Popping up big
Published 12:00 am Thursday, May 26, 2005
Steve Grossman could be a celebrity in the world of microwave snacks, and he said he’s ready.
Recently, Microwave Roasters, the company Grossman runs in the South Dallas Industrial Park, announced its snacks will be included on test runs in Alabama and Georgia Wal-Marts, as well as Winn Dixies in Alabama.
“We’ve just gotten our products into 93 Wal-Marts in this state,” Grossman said.
The former American Candy employee produces and sells microwave snacks like peanuts, onion rings, bacon flavored snacks and pigskins, which seem to be his biggest innovation yet.
The snacks come at least three to a box, and are capable of producing fresh, low-fat snacks in less than two minutes.
And Grossman points out, it’s fun for people to watch it happen.
In a press release, he stated that the bags he holds a patent on, allow customers to see the snacks cook, to preventing burning or undercooking.
“The bag is the secret,” he said.
Grossman said his snacks, which he’s been selling for the last four years, could break into the big time with the new accounts.
His Microwave Roasters will be selling in 93 Wal-Marts, distributed from the Opelika Distribution Center.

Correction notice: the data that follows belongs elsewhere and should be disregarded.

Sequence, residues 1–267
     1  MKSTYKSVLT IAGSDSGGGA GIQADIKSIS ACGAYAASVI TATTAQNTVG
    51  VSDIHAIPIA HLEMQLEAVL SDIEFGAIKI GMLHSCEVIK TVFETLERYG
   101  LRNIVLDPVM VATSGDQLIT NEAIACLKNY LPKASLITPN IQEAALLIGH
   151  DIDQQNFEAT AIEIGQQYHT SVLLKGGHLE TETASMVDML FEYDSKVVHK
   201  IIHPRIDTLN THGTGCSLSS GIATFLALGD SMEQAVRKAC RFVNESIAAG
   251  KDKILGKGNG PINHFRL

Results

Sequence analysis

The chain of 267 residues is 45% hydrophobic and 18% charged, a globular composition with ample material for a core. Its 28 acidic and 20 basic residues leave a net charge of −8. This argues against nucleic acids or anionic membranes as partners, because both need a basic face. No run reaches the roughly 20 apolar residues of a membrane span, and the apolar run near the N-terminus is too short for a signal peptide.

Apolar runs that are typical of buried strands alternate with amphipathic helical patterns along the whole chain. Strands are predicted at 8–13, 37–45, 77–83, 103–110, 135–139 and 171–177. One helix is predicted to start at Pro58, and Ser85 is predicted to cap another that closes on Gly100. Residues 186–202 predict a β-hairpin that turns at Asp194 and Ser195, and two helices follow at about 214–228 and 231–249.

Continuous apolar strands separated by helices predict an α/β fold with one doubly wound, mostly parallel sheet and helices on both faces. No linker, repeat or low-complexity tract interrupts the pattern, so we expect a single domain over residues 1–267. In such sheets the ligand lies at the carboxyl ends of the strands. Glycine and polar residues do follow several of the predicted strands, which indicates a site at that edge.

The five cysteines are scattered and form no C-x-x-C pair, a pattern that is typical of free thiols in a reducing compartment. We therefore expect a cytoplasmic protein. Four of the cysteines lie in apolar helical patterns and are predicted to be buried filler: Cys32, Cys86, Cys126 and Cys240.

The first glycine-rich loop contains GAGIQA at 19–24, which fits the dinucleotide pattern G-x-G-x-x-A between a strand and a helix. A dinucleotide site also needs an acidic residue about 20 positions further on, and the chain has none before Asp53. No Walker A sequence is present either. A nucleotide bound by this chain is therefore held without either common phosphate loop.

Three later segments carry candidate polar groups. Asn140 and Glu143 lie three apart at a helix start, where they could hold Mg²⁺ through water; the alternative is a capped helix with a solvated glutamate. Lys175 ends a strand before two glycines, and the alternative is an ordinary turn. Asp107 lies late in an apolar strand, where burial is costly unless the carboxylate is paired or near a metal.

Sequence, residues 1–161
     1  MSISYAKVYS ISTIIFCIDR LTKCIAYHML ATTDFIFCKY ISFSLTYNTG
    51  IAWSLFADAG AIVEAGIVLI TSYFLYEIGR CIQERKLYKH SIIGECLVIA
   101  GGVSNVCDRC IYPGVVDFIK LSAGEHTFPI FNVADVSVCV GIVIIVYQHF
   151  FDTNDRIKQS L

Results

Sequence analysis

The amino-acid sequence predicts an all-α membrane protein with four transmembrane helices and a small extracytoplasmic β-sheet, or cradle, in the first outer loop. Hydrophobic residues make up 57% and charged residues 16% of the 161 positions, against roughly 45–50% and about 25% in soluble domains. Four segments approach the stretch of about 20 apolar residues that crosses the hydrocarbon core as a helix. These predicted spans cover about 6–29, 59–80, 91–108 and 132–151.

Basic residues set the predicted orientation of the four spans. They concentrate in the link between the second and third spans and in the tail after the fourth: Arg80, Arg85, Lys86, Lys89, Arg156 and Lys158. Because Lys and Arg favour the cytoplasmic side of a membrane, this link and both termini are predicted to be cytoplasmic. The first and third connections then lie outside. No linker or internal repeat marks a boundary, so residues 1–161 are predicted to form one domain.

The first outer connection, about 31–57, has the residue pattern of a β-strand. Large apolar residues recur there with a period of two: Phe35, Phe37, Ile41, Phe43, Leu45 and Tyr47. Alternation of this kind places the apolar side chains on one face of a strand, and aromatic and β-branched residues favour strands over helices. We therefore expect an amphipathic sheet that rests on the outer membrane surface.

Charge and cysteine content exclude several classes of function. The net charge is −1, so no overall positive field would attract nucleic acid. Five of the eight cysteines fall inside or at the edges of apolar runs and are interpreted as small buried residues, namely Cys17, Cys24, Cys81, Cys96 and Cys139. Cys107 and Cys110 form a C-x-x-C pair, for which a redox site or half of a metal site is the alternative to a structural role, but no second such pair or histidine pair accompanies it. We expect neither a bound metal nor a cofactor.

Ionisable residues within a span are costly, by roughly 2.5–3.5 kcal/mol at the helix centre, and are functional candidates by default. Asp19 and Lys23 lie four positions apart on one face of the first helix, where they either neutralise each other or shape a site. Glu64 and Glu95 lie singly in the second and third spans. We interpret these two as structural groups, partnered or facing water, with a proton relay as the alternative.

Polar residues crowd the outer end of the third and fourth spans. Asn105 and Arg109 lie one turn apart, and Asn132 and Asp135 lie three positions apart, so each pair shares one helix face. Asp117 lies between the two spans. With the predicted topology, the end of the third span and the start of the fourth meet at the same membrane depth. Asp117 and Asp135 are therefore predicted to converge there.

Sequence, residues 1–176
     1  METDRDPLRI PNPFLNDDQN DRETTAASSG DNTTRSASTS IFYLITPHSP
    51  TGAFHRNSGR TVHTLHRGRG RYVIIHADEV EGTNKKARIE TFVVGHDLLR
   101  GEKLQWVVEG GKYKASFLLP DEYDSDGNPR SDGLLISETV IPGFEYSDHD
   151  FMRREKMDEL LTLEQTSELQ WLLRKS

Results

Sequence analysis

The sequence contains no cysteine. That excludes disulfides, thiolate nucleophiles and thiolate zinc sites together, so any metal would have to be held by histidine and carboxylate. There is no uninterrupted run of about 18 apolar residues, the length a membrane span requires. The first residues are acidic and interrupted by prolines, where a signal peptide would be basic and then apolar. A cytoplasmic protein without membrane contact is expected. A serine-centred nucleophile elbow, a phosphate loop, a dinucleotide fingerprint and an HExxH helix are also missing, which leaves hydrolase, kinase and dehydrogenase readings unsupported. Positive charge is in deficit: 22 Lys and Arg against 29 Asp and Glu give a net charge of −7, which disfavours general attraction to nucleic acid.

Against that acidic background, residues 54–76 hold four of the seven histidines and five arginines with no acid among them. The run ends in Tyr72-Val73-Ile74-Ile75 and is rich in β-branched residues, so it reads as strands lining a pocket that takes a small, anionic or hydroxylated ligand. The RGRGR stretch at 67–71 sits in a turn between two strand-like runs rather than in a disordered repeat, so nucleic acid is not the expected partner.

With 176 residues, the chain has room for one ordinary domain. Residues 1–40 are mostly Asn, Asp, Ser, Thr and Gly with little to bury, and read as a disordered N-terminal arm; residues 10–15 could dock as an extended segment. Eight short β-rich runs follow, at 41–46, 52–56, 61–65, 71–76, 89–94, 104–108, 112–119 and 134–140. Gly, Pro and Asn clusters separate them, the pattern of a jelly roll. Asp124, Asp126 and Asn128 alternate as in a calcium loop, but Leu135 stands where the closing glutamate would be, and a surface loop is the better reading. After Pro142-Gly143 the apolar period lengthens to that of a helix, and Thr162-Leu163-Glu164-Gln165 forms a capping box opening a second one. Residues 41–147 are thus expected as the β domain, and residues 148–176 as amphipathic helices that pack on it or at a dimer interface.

If it catches on, and Grossman feels it will, Microwave Roasters could be everywhere.
“We have the potential for this to be a real mass market product,” he said.
Currently, Grossman can produce about 7,000 cases of product at the facility in South Dallas. He employs eight people to package and ship the snacks. If the Wal-Mart account pays off, he said he could more than double his production.
On a personal level, Grossman said it means he’ll be a lot more secure financially.
“I may not have to buy four-day-old bread and sneak the lettuce out of the dumpster,” he joked.
Grossman said there’s already signs of success in some stores. The Wal-Mart in Prattville has already sold out, and have questioned Grossman about getting more product in sooner than scheduled. The accounts with Wal-Mart and Winn-Dixie could lead to new accounts, he said. Grossman said there have been several times when he’s attempted to sell the product to new retailers that they’ve commented the snacks are great, but they won’t buy until the product is in other stores.
“When one tries to break into the mass consumables market,” Grossman said, “you need to prove your credibility.”
He knows that the new accounts are a step in that direction.
“It’s been a long time since I’ve had a feeling like that,” Grossman said.